Interest on the debt though is like £60bn a year , pre-corona. It probably will get upto 100bn/year which is more than we spend on entire departments. Madness.  And if interest rates rise we're screwed. 

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6 minutes ago, Crowdedmarket said:

Thank you. 

Presumably we could get a stack load of money, not pay it back, reform a bit, then get another stack load of money and repeat.

No tanks. 

Theoretically, we could also refuse any reforms, and promise to behave better next time. Again, no tanks?

No-one lends money without the expectation of profiting from the transaction; to Argentina, the UK or anywhere else. Poor economic management comes with significant costs over time. Higher inflation, lower living standards, poorer life prospects generally.

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10 minutes ago, Crowdedmarket said:

Thank you. 

Presumably we could get a stack load of money, not pay it back, reform a bit, then get another stack load of money and repeat.

No tanks. 

Theoretically, we could also refuse any reforms, and promise to behave better next time. Again, no tanks?

Why would we ever not want to pay it back ? We can magic the stuff out of thin air.

The real trouble comes when the debt is not denominated in something you have unlimited supply of/control over.

So for example if a country issues its debt in USD then if there is a crisis it would have no choice but to default, because it is not allowed to print dollars.

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3 minutes ago, zugzwang said:

No-one lends money without the expectation of profiting from the transaction; to Argentina, the UK or anywhere else. Poor economic management comes with significant costs over time. Higher inflation, lower living standards, poorer life prospects generally.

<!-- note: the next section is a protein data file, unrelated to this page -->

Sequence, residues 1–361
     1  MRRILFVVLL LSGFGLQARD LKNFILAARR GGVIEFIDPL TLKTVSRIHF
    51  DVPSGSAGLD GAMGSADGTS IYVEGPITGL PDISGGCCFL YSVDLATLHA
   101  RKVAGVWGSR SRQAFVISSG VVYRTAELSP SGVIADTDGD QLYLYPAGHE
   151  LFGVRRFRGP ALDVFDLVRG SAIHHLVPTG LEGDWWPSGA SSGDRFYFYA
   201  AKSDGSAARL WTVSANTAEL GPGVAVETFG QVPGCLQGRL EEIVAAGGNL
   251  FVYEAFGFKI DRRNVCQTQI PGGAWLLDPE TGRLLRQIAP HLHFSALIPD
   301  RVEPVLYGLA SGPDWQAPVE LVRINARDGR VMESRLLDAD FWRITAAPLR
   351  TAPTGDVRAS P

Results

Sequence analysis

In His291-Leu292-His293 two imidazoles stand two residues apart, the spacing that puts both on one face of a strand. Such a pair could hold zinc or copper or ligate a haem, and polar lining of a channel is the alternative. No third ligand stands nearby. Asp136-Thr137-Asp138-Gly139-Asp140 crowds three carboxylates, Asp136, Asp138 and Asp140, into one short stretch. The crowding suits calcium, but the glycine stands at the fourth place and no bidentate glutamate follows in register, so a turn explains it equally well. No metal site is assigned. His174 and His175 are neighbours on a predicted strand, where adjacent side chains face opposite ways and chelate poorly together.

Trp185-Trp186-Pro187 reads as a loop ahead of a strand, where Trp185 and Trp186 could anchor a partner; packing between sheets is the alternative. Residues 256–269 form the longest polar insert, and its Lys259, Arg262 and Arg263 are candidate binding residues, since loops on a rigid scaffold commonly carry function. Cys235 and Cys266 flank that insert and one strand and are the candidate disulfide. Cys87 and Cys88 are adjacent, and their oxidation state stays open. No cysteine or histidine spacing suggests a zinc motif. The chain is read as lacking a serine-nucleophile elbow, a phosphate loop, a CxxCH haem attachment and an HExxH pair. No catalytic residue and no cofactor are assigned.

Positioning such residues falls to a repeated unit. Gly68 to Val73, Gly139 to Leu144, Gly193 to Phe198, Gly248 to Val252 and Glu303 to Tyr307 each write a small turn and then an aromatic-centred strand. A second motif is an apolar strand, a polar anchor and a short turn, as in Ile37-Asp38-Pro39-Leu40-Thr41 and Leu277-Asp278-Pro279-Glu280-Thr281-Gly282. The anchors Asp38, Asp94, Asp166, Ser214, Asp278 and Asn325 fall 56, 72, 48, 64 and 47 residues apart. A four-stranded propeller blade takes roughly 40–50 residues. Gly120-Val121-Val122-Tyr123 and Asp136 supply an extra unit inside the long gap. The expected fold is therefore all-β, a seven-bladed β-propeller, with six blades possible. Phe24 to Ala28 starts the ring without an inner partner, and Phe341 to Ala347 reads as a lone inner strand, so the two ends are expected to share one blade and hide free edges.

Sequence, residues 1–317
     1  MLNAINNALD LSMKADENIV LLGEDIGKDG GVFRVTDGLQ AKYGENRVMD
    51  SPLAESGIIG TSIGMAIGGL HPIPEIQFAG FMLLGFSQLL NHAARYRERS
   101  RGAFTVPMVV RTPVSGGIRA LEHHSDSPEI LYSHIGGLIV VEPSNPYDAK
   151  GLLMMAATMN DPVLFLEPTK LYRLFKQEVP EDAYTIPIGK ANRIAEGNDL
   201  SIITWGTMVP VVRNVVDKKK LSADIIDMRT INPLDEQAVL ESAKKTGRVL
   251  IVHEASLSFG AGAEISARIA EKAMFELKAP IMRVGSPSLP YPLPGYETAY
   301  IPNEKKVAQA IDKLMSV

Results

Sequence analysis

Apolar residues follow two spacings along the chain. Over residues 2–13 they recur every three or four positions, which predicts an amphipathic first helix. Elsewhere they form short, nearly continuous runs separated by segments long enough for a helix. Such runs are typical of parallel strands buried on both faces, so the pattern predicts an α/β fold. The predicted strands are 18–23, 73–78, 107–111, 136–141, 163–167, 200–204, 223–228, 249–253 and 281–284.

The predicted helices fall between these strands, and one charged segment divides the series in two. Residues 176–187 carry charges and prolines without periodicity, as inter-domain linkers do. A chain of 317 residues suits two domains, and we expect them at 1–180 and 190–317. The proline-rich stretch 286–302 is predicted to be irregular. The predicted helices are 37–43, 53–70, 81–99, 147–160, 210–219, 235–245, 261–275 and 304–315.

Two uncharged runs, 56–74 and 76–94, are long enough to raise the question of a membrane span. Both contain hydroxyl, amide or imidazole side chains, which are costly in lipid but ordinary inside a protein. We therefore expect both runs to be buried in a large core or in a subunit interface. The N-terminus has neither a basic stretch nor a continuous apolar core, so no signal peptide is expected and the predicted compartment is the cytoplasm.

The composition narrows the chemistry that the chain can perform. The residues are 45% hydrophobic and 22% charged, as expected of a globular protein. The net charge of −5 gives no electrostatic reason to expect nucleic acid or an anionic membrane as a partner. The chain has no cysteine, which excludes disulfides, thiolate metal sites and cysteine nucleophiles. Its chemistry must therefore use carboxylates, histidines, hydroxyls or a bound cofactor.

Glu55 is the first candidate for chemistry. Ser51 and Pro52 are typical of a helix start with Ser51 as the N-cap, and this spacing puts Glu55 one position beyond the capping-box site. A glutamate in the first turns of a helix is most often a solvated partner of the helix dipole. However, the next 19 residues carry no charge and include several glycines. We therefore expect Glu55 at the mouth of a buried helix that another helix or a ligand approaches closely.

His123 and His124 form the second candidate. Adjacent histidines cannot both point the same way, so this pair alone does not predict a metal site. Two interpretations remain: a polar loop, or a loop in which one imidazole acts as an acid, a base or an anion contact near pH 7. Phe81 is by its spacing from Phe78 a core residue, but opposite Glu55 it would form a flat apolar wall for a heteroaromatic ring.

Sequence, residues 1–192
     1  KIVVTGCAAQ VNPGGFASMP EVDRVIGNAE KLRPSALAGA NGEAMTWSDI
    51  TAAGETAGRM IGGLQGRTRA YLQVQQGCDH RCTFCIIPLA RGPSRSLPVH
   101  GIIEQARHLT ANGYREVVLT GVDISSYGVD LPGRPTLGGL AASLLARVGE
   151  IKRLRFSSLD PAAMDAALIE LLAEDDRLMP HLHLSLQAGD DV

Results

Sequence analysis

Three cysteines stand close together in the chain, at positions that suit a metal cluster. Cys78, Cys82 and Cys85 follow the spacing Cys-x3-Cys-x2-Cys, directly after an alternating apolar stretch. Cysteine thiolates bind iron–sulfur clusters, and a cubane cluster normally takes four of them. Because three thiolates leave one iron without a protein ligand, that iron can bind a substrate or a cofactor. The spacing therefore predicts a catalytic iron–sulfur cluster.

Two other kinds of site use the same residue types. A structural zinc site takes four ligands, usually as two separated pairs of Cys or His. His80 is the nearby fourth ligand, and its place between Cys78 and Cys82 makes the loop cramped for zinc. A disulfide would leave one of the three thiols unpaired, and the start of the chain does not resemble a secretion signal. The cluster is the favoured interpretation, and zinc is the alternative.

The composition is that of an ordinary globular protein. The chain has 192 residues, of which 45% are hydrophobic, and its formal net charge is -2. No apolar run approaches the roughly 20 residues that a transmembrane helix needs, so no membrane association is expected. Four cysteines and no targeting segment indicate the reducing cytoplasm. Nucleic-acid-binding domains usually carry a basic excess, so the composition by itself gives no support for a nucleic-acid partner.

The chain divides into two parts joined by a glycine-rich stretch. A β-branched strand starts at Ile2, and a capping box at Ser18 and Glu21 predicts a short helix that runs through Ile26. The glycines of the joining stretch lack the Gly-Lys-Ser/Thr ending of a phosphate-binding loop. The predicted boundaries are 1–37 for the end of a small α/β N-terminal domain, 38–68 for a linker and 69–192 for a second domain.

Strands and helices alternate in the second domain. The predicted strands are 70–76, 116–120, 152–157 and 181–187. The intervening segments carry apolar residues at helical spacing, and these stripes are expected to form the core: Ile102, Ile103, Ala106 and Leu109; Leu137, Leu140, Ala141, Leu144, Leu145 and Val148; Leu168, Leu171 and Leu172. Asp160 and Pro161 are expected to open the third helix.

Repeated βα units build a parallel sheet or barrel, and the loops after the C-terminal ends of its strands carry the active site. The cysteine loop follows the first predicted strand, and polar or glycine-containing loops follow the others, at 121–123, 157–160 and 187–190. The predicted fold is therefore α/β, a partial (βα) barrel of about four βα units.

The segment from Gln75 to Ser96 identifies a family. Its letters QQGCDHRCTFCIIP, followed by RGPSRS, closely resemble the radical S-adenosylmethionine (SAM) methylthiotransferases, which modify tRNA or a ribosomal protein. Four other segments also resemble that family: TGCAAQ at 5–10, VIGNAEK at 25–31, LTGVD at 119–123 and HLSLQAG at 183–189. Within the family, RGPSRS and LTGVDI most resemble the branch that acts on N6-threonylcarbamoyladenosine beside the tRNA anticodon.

They use the printing press. Exactly what we're doing and we will get the same results (inflation, lower standard of living).

There is no difference between the BoE's printing press and Zimbabwe's or Argentina or the Eurozone for that matter . The banksters are robbing us blind. AGAIN...

  

 

Edited by Warlord
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3 minutes ago, Warlord said:

They use the printing press. Exactly what we're doing and we will get the same results (inflation, lower standard of living).

There is no difference between the BoE's printing press and Zimbabwe's or Argentina or the Eurozone for that matter . The banksters are robbing us blind. AGAIN...

  

 

We need inflation! Lots of inflation to counter the deflationary shock of the Covid pandemic.

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Just now, zugzwang said:

We need inflation! Lots of inflation to counter the deflationary shock of the Covid pandemic.

No we do not. Inflation robs us of our purchasing power and hurts the most vulnerable i.e the elderly and disabled.

 

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10 minutes ago, zugzwang said:

We need inflation! Lots of inflation to counter the deflationary shock of the Covid pandemic.

Unfortunately I think you are right. It is the only way we are going to get wealth transfer from old to young.

If people want high interest rates the only way they are going to get them is devaluation of money and destruction of debt.

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21 minutes ago, zugzwang said:

No-one lends money without the expectation of profiting from the transaction; to Argentina, the UK or anywhere else. Poor economic management comes with significant costs over time. Higher inflation, lower living standards, poorer life prospects generally.

Iceland 2018

"The GDP growth rate exceeds 7%, among the highest in the world; the World Bank Group notes that GDP has bounced back from a 2009 low of $12.9 billion to more than $20 billion today. Employment is at an all-time high"

Source: https://knowledge.wharton.upenn.edu/article/icelands-economic-recovery/

 

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4 minutes ago, Crowdedmarket said:

Iceland 2018

"The GDP growth rate exceeds 7%, among the highest in the world; the World Bank Group notes that GDP has bounced back from a 2009 low of $12.9 billion to more than $20 billion today. Employment is at an all-time high"